Is the Smartphone Smart Enough to Treat Major Depression?


A clinical trial is evaluating the use of the Kokoro app to deliver a smartphone-based CBT program to patients being treated for depression.

Major depression is debilitating and difficult to treat. While pharmacotherapy, mostly in the form of antidepressants, is typically first-line treatment for most patients suffering from depression, several studies have shown that cognitive-behavior therapy (CBT), either alone or in combination with medication, can be an effective treatment option as well.

The challenge with CBT, however, is that it requires experienced therapy and substantive dedicated time to be effective; a typical course of CBT involves up to sixteen 1-hour face-to-face sessions led by an experienced therapist.What if, a new study in the journal Trials asks, CBT could be effectively given by that most ubiquitous of tools: the smartphone?

Previous studies of computer- or internet-based CBT “led to a greater proportion of dropouts but to better efficacy at an effect size of 0.48 (0.33 to 0.63) in the short-term follow up than those in control conditions, whilst to neither superiority nor inferiority in the long term,” the study authors note. They posited that a smartphone-based treatment, with its greater portability and accessibility, might be more effective.

The study authors describe a currently underway multi-center, randomized trial being conducted since September 2014. The trial is testing a 9-month, smartphone-based CBT program named the “Kokoro App.” The study is looking at the effectiveness of switching antidepressants and starting the smartphone-based CBT program at the same time, in comparison to switching antidepressants only, among patients still suffering from depression after adequate antidepressant treatment.

The program consists of an introduction, followed by 6 sessions and an epilogue. It is designed to be completed by patients within 9 weeks. The trial involves 164 patients with major depressive disorder and still suffering from depressive symptoms after adequate antidepressant treatment for more than 4 weeks. The primary outcome will be the change in the total score on the Patient Health Questionnaire through the 9 weeks of the program, as assessed at week 0, 1, 5 and 9 via telephone by blinded raters. Secondary outcomes include the change in the total score of the Beck Depression Inventory-II, change in side effects as assessed by the Frequency, Intensity and Burden of Side Effects Rating, and treatment satisfaction.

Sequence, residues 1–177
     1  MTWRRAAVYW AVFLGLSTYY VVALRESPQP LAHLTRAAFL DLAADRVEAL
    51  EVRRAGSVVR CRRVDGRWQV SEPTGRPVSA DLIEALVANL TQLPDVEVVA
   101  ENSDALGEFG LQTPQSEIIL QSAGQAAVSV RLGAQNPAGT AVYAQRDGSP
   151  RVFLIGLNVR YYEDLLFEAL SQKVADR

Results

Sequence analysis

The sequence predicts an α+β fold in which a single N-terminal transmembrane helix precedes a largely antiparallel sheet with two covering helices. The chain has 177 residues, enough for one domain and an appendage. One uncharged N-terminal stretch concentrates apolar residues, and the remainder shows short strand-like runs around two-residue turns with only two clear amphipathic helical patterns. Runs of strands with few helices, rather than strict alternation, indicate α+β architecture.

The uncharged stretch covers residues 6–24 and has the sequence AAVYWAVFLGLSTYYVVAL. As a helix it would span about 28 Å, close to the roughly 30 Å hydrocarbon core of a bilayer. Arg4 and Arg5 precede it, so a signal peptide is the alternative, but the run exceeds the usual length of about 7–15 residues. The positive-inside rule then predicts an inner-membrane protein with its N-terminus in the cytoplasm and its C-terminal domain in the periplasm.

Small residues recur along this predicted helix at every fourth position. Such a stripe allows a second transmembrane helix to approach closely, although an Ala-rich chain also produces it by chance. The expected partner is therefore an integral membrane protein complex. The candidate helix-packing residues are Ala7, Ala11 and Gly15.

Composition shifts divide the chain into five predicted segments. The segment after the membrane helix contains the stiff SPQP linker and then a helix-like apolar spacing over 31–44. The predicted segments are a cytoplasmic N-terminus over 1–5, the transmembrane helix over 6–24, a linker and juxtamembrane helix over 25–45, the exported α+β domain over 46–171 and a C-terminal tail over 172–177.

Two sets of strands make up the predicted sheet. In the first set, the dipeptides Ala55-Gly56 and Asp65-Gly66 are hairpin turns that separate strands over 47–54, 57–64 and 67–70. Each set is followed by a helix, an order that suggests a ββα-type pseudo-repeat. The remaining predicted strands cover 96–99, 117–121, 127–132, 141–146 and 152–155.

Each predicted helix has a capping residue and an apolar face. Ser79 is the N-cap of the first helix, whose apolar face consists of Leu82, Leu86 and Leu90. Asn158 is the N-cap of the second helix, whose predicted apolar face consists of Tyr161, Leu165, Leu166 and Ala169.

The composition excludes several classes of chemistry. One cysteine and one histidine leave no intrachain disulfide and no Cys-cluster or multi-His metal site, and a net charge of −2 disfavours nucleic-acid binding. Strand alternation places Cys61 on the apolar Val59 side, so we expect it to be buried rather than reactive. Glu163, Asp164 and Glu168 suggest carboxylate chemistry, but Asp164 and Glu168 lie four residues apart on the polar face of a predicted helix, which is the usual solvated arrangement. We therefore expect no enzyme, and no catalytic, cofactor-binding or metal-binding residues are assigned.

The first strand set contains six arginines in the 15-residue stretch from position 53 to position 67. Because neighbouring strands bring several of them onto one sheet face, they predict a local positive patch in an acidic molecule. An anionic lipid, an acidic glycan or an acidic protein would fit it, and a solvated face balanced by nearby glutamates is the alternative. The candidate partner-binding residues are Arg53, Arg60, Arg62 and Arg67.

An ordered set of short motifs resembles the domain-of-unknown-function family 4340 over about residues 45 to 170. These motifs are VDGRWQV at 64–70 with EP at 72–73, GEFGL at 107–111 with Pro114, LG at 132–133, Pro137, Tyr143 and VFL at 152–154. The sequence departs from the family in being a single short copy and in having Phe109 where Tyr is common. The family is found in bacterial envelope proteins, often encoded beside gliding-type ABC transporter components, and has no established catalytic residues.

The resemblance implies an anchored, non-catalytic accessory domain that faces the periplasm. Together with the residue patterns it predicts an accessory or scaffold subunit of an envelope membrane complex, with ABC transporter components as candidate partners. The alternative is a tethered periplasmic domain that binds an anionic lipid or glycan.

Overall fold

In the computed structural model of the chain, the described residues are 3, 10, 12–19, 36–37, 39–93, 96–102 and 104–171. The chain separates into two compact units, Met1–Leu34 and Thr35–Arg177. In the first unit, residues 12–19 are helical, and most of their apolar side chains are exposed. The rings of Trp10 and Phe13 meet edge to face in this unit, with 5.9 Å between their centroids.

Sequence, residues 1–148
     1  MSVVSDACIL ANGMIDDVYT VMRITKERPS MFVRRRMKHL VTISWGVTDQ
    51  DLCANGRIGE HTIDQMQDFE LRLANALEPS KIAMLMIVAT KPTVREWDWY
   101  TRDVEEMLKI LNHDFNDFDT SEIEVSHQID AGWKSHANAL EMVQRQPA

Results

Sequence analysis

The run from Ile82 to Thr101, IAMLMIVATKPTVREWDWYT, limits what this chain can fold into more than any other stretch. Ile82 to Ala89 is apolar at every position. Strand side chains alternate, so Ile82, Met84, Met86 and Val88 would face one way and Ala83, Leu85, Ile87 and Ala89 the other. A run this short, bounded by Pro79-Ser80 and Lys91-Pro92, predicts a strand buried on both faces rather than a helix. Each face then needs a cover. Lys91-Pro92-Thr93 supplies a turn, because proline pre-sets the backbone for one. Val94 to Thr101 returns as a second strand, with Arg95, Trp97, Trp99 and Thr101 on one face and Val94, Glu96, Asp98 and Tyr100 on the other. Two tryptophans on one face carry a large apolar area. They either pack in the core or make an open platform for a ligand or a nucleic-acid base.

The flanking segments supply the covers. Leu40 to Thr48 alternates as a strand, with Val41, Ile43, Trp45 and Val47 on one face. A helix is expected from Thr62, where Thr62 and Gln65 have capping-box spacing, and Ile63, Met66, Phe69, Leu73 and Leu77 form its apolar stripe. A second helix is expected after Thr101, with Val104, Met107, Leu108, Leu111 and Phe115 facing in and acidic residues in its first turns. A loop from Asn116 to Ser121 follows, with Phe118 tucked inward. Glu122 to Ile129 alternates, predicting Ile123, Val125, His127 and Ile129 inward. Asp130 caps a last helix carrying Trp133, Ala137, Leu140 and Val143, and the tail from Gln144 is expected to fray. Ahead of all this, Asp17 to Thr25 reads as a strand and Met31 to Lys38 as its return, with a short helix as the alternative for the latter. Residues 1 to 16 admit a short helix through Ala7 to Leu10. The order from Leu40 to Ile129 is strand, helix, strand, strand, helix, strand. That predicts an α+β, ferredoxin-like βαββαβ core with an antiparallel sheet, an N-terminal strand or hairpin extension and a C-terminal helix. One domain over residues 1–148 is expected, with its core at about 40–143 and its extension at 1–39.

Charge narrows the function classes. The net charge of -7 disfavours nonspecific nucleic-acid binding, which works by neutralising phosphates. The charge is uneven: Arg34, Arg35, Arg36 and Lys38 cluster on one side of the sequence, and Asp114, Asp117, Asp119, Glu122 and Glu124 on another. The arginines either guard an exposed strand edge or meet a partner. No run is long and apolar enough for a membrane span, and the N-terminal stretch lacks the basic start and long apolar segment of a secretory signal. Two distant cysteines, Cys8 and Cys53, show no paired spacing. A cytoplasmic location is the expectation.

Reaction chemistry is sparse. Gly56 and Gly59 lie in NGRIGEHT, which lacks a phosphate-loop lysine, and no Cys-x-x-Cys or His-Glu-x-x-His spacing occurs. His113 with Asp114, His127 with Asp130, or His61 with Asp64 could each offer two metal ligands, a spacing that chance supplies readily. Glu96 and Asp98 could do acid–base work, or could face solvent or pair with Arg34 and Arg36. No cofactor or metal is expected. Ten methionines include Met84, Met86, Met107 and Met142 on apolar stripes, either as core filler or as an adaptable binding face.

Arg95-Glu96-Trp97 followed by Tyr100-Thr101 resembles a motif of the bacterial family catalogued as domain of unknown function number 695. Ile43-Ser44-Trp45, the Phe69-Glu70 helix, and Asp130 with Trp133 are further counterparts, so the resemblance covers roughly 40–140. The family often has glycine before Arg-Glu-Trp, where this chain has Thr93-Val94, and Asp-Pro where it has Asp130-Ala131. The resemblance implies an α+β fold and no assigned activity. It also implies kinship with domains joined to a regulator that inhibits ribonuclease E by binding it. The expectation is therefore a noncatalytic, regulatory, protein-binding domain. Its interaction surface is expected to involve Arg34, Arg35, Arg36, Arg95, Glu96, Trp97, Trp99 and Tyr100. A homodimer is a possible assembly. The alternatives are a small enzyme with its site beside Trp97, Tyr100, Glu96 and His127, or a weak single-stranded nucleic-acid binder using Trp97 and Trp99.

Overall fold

The Kokoro-App, available on Apple iPhones and iPads has been developed based on an empirically supported CBT manual and pilot-tested for feasibility and acceptability. It consists of eight sections, including one introductory section, two sessions on self-monitoring, two sessions on behavioral activation, two sessions on cognitive restructuring, and one epilogue. Participants need to complete additional “homework” between sessions. Each session takes approximately 30 minutes. Participants and their attending physicians can check the entries made by the participants into the program and discuss during their consultations.

The study period of the trial is from September, 2014 to March, 2017.

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